Daily Updates: May 2004
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|Daily Updates: June 2004
Latitude: 46° 57'N
Longitude: 129° 06'W
Wind Direction: W
Wind Speed: 12 Knots
Sea State: 3
Swell(s) Height: 6 Foot
Sea Temperature: 54°F (12.2°C)
Barometric Pressure: 1012.5 MB
Visibility: 15 NM
Spam and sausage
Fresh cut fruit
Navy bean soup
Crispy fish and rice
Tortellini with roasted red pepper pesto
Rice and vegetables
Hot Italian sausage
White clam sauce
Roast garlic with wine sauce
Herbed foccacia bread
Building the Big Banana
May 27, 2004
By Amy Nevala
Oceanographers are, in many ways, inventors. They can’t go to Wal-Mart
and buy the complex instruments they need for their research, so they
often wear a second hat as an engineer, designing and building their own
For two years, Alison LaBonte has been designing an instrument that will
help her learn how fluids move through the seafloor to better understand
the nature of earthquakes. Today her instrument made its second trip to
the bottom of the Pacific.
Alison smiled nervously as it sunk beneath the waves, hitching a ride on Alvin for Pilot Bruce Strickrott to find a spot for it on the seafloor. She recalled
its nightmarish first dive last fall in Monterey Bay, when it fell off the
remotely operated vehicle before it submerged (she recovered the instrument
using a tracking system).
Alison calls her instrument an Optical Flow Meter, which uses a fluorescent
dye to detect then mark seafloor fluids passing through a flow tube. When stress
builds up within the Earth’s crust, fluids flow more rapidly from the
seafloor, like water squeezed from a sponge. Using her instrument to detect
these higher rates of flow will help researchers sort out and determine patterns
of earthquakes, which is how the Earth releases stress.
The flow meter’s data logger is contained in a long, bright yellow pressure
case, so Alison nicknamed it the Big Banana. A lot is riding on its success.
The instrument is part of her doctoral thesis at the Scripps Institution of
Oceanography in California. She has big aspirations for the Big Banana, and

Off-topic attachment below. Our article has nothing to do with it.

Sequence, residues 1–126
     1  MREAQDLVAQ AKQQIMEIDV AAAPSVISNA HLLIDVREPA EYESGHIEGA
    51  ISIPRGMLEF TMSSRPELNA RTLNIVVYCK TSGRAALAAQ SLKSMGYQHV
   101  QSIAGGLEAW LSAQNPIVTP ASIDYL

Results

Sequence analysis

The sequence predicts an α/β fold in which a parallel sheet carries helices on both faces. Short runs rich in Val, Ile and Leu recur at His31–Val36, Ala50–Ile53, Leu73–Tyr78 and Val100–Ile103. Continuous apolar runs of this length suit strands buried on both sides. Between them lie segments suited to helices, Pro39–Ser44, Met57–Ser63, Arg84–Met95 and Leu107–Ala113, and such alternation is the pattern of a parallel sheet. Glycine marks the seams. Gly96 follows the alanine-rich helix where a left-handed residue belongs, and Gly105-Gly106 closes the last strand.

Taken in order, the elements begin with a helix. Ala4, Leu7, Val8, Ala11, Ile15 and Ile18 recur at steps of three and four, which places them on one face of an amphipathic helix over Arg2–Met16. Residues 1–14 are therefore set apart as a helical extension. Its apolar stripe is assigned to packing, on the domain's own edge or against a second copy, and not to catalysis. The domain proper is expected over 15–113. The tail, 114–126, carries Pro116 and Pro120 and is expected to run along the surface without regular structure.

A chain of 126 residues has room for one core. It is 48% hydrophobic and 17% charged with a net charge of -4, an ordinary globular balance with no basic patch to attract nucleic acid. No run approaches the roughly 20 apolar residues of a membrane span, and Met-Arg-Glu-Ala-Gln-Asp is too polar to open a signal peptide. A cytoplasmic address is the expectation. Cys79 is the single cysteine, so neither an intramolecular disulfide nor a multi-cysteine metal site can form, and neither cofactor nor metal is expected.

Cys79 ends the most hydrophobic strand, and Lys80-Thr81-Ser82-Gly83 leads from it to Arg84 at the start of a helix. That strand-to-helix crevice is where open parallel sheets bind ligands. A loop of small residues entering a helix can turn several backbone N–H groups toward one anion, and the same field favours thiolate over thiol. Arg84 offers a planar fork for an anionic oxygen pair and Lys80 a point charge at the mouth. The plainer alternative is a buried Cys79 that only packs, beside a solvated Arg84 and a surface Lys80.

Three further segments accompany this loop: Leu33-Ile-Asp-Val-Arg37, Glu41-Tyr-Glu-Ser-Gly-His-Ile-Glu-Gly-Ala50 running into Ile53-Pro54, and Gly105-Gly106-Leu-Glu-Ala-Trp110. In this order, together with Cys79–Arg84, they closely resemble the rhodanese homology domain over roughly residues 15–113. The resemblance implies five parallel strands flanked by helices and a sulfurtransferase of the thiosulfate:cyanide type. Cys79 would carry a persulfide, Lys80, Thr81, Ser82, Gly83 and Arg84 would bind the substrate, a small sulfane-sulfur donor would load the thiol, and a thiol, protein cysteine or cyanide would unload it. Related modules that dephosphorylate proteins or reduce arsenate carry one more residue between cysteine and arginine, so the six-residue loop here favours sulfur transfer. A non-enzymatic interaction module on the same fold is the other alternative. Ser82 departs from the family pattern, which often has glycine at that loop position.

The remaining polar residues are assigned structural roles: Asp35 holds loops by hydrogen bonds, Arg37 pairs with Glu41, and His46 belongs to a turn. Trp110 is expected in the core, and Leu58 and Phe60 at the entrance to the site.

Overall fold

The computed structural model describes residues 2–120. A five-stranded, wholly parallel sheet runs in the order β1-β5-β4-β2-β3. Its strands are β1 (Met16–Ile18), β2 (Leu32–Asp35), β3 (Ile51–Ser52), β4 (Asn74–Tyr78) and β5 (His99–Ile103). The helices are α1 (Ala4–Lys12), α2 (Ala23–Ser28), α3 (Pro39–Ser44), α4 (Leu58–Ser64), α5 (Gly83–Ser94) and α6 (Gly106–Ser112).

would like to see it incorporated into ocean observatory systems that in the
future will help scientists monitor activities in seas worldwide.
A Background at the Sea
Alison’s father, Gary, is an engineer, but growing up she didn’t
tinker much with tools and electronics, preferring instead to swim or explore
tide pools in coastal areas north of her home in Alamo, California. In 2000,
she spent a year considering various ocean science careers on a scholarship
with the Our World Underwater Society. During that time she decided that
she liked the idea of going to sea to use the instruments she designed.
Alison’s background in math, computers, and biology are useful preparation
for oceanography, but not necessarily for designing instruments.
Geologist Kevin Brown, Alison's advisor, came up with the original sketch for
the flow meter. When Alison took on the project, she built upon the prototype
developed by her fellow graduate student Jill Weinberger.
“To build this, I bugged people a lot,” she said of the instrument. “I
spent most of the beginning period of this project asking questions and absorbing
After spending a month designing a simple circuit system, she heard about a
way to make it in a day or two. She experimented with an overall frame design,
figured out the pressure casing, and learned how to manipulate the instrument
to avoid interference with the electronics system.
“There’s still a lot to be fixed on it, and a lot of moments where
say, ‘ah, I thought I fixed this ages ago!’” she said.
Tonight she is relieved to learn that the Alvin divers situated
the Big Banana on a shimmering field of diffuse hydrothermal fluid
flowing from the seafloor. When she sees it again Friday, the event promises
to be especially memorable.
“I’ll be helping to get it back during my first Alvin dive,” she